What’s new in Preview 3

For a full list of changes, bug fixes, and known issues you can read the release announcement.


We’ve introduced the concept of Parameter Transformers to routing in ASP.NET Core 2.2. A parameter transformer customizes the route generated by transforming parameter’s route values, and gives developers new options when generating routes. For example, a custom slugify parameter transformer in route pattern blog\{articleConfusedlugify} with Url.Action(new { article = "MyTestArticle" }) generates blog\my-test-article. Parameter transformers implement Microsoft.AspNetCore.Routing.IOutboundParameterTransformer and are configured using ConstraintMap.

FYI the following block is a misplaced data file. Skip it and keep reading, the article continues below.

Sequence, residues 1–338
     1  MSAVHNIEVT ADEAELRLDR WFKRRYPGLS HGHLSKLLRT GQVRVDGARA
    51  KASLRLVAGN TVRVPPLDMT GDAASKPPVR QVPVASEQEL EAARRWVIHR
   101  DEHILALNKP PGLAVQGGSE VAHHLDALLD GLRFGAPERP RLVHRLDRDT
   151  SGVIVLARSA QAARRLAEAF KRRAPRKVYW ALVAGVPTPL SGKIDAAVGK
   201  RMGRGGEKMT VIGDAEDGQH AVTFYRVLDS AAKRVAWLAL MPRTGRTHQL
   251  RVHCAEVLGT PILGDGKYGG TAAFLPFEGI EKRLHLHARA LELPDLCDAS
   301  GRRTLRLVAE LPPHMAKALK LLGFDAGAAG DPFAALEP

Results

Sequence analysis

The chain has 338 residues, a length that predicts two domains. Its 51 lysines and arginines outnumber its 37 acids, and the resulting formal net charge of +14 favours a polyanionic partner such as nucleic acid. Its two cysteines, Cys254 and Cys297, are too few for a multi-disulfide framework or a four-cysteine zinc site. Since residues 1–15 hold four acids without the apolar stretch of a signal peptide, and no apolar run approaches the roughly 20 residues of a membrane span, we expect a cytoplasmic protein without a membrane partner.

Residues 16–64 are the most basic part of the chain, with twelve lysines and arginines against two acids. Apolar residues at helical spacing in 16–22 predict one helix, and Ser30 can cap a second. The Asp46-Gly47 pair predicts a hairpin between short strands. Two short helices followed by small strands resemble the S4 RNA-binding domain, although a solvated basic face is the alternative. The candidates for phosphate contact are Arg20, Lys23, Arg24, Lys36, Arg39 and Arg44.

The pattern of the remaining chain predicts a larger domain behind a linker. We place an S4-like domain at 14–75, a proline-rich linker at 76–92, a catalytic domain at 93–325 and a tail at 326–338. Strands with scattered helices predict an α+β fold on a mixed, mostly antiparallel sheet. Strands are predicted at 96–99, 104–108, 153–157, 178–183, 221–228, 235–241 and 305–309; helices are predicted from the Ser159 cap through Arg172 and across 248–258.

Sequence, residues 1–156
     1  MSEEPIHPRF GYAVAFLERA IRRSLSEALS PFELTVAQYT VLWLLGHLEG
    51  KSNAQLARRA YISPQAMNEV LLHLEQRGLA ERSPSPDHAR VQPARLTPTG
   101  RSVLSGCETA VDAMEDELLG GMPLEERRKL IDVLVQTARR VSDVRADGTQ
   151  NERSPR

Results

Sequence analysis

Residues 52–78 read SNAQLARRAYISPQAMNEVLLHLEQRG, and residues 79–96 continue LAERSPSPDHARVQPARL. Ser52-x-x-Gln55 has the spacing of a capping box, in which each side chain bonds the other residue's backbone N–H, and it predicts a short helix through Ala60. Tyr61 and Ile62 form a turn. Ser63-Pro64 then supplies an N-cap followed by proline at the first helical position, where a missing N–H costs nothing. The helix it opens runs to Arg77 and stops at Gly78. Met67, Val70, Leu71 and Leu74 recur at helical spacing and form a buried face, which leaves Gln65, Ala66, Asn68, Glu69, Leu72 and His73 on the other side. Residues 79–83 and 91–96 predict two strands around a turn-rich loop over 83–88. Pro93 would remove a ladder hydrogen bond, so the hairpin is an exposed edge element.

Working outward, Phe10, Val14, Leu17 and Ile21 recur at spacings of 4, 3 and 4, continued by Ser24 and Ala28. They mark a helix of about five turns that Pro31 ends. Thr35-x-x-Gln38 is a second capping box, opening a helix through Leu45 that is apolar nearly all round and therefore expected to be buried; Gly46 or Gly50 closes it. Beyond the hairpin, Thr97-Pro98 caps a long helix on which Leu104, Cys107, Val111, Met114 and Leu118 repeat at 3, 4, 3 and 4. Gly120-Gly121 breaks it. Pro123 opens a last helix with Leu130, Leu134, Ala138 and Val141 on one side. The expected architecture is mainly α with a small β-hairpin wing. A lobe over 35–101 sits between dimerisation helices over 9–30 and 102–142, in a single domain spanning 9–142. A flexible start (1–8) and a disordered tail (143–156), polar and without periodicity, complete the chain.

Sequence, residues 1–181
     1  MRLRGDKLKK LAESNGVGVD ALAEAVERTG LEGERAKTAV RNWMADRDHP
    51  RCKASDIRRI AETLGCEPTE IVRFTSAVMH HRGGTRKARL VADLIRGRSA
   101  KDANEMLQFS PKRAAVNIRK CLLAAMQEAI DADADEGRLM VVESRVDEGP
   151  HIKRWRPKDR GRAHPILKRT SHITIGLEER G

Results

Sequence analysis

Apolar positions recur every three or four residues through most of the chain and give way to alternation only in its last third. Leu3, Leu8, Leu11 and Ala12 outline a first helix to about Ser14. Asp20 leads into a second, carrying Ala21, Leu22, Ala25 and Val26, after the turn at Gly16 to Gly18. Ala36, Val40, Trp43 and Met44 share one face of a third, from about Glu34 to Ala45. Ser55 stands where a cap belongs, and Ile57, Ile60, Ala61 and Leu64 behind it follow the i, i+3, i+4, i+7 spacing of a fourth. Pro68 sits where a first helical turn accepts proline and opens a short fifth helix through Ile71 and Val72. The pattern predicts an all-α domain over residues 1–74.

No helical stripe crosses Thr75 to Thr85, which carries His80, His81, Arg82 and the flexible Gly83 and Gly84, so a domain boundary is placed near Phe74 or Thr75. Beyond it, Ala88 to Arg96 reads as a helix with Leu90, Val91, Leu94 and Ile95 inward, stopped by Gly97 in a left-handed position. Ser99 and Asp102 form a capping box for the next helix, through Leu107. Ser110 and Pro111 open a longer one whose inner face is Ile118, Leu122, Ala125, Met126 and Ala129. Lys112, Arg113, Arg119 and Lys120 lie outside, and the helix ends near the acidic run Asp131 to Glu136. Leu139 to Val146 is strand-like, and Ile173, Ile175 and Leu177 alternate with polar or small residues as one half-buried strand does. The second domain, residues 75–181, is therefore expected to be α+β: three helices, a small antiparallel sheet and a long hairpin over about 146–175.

These features are specific to the new endpoint routing system used in MVC by default in 2.2.

Parameter transformers are also used by frameworks to transform the URI to which an endpoint resolves. For example, ASP.NET Core MVC uses parameter transformers to transform the route value used to match an area, controller, action, and page.

 name: "default",
 template: "{controller=HomeConfusedlugify}/{action=IndexConfusedlugify}/{id?}");

With the preceding route, the action SubscriptionManagementController.GetAll() is matched with the URI /subscription-management/get-all. A parameter transformer doesn’t change the route values used to generate a link. Url.Action("GetAll", "SubscriptionManagement") outputs /subscription-management/get-all.

ASP.NET Core provides API conventions for using a parameter transformers with generated routes: